State agency is similar to a business in the private sector. There are costs to maintain that business in order to provide the services for the customers. In the case of the Board, the Licensees and Permittees are the customers. The Board serves the public of Oregon by regulating the Licensees and Permittees and ensures that the Board’s mission is upheld. The fees from licenses and permits issued by the Board support the agency’s costs for the services the agency provides to its license and permit holders, stakeholders and public. The following are agency costs for which fees provide revenue: Investigations of disciplinary cases,  Licensure issuance, Continuing Education approval and monitoring, Legal support, Human Resources support, Legislative actions, compliance with State and Federal mandates, Administrative support and compensation for Board members.


What does the OBMI do for me?

The Board provides licensees and permittees with information and support concerning renewal, obtaining initial licensure and adhering to the Oregon Administrative Rules and Oregon Revised Statutes. The Staff along with the technical expertise from the Board members, provide the licensees and permittees with a wealth of knowledge of the medical imaging profession and support for staying in compliance with industry standards and regulations. The Board maintains Category A Continuing Education offerings making Oregon one of eight states that offer approved CE required for medical imaging credentials. This enables the licensees to obtain required CE for National Credentials here in Oregon. The Board approves schools that allow the opportunity for the required education for obtaining a Limited X-Ray Machine Operator and Bone Densitometry Permit. The CE requirements for Permit holders is also approved by the Board. The Board approves and submits applications made by licensees and permittees  for required National exams in order to practice in the field of medical imaging.


What is my responsibly as a License or Permit Holder?

As a License or Permit holder from the OBMI, it is your duty and responsibility to understand and adhere to the Oregon Administrative Rules and Oregon Revised Statutes regarding the practice of medical imaging in Oregon.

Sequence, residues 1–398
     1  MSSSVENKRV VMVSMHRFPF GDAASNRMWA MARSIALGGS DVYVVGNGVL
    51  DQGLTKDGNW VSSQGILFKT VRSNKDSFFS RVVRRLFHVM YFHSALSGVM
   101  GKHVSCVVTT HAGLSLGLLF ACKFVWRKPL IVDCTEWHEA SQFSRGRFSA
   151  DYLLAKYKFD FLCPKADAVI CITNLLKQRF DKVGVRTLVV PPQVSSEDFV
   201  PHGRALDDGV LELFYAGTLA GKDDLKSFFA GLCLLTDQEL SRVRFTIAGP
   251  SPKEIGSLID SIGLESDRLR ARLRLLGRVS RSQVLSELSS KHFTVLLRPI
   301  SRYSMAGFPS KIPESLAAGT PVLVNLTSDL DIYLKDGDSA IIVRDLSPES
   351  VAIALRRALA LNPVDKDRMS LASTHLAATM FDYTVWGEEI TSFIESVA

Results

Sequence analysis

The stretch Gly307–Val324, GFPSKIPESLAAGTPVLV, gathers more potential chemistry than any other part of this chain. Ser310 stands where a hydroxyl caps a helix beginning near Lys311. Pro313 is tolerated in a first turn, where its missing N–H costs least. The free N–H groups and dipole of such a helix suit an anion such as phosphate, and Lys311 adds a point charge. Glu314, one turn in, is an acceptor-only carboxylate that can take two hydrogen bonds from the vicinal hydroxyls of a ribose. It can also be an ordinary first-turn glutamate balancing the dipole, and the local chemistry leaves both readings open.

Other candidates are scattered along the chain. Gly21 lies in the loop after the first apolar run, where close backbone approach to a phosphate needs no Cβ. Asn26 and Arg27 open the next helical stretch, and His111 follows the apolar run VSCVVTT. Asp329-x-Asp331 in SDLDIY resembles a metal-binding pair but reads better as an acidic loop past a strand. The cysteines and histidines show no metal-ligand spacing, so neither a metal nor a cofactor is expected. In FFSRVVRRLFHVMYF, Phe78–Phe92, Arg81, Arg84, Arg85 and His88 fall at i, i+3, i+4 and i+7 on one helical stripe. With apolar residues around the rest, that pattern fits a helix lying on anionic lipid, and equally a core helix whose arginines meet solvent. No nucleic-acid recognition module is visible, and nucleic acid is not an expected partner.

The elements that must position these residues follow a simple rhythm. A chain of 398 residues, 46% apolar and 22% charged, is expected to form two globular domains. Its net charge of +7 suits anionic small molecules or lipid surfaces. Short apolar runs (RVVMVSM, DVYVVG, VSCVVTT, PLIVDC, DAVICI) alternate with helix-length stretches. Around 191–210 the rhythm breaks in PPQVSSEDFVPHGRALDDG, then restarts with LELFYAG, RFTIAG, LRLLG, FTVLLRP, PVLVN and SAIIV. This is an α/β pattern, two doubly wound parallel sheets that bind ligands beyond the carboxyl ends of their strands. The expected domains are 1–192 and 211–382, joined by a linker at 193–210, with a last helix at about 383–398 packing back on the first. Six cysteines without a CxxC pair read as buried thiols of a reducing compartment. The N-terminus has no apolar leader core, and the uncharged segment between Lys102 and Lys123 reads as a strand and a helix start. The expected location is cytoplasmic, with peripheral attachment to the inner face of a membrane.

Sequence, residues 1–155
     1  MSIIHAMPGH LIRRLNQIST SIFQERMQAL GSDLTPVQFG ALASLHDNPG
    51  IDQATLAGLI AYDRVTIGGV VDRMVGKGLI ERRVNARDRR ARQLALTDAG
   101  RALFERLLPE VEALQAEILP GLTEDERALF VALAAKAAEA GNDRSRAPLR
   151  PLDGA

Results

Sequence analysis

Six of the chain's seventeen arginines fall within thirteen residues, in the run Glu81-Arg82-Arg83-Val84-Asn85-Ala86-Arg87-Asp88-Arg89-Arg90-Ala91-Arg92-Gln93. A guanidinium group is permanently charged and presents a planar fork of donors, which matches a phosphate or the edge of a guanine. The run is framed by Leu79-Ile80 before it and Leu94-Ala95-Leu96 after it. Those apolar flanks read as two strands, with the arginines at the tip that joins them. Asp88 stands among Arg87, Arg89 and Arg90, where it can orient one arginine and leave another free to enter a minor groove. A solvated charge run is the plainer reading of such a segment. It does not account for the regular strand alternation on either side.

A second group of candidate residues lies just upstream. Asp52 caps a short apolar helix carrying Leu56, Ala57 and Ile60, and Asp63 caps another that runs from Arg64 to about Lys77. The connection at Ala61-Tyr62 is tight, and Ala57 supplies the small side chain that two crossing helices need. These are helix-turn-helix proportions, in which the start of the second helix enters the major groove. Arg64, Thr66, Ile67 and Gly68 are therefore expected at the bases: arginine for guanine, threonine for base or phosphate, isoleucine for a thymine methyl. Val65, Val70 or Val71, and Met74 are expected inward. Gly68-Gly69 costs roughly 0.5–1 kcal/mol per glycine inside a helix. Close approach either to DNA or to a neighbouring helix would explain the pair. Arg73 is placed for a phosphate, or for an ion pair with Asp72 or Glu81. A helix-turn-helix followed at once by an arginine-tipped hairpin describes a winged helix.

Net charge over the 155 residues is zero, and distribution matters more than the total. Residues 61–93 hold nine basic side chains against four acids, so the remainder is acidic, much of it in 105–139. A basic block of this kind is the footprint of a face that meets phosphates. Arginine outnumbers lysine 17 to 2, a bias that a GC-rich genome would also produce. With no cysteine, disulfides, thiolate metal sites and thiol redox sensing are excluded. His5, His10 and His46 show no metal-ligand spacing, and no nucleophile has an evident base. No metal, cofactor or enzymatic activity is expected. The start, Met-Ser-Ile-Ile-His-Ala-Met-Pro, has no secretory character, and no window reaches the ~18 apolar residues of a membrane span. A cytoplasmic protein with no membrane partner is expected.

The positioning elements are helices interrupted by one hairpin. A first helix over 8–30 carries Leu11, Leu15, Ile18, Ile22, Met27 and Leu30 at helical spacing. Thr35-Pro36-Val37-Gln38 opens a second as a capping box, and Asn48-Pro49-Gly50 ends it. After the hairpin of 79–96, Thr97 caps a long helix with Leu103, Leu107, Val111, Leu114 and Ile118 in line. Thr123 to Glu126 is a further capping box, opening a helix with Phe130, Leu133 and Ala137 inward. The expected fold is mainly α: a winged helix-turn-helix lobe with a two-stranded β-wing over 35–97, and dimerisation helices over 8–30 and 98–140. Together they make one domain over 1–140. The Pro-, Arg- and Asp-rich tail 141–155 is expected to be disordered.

​


YOU HAVE A DUTY TO REPORT LICENSE VIOLATIONS

(See Important Link At The Bottom Of This Page.)



LICENSE OR PERMIT HOLDERS’ DUTY TO REPORT ANY SUSPECTED VIOLATIONS

Oregon law (ORS 688.605) specifies that, as a licensee or permit holder, you have a duty to report any suspected violation of OBMI statutes or rules to the Board, unless otherwise prohibited by law.


YOU MUST REPORT CONVICTIONS OR ARRESTS WITHIN TEN DAYS

Unless otherwise prohibited by state or federal law, Oregon state law (ORS 676.150) specifies that a licensee or permit holder who is convicted of any criminal offense, or even arrested for a felony offense, must report the criminal conviction or felony arrest to the OBMI within ten days of the conviction or arrest. The statute specifies that failure to report may be cause for disciplinary action by the Board.


DUTY TO REPORT VIOLATIONS BY OTHER OBMI LICENSEES

Unless otherwise prohibited by state or federal law, Oregon state law (ORS 676.150; 688.605) specifies that a licensee (or limited permit holder) who has reasonable cause to believe that another licensee or permit holder has engaged in prohibited or unprofessional conduct is required to report the conduct to the Board within ten working days. The statute specifies that failure to report may be cause for disciplinary action by the Board.


DUTY TO REPORT VIOLATIONS TO OTHER LICENSING BOARDS

Unless otherwise directed or restricted by state or federal law, an OBMI licensee who has reasonable cause to believe that a licensee of another health licensing board has engaged in prohibited or unprofessional conduct shall report the conduct to the board responsible for the licensee who is believed to have engaged in the conduct. The reporting licensee shall report the conduct without undue delay, but in no event later than 10 working days after the reporting licensee learns of the conduct. (ORS 676.150)


EMPLOYERS’ DUTY TO REPORT LICENSE VIOLATIONS

Unless otherwise prohibited by state or federal law, any employer of a licensee or permit holder must report any suspected violation of OBMI statutes or rules to the OBMI. Likewise, any organization representing licensees or permit holders must report any suspected violations of OBMI’s statutes or rules. (ORS 688.605)


BOARD INVESTIGATIONS ARE CONFIDENTIAL

Any information obtained as part of a complaint or as part of a complaint investigation is confidential. This includes the identity of the person who files the complaint. (ORS 688.605[2])


REPORTING OF COMPLAINT NOT SUBJECT TO CIVIL ACTION

Any person who reports or provides information to the Board and who does so in good faith is not subject to an action for civil damages as a result of reporting or providing information. (ORS 688.605[3])

QUESTIONS:
Contact the OBMI at 971-673-0216 or at obmi.info@state.or.us.


Take Me To The Consumer Complaint Instructions and Form.​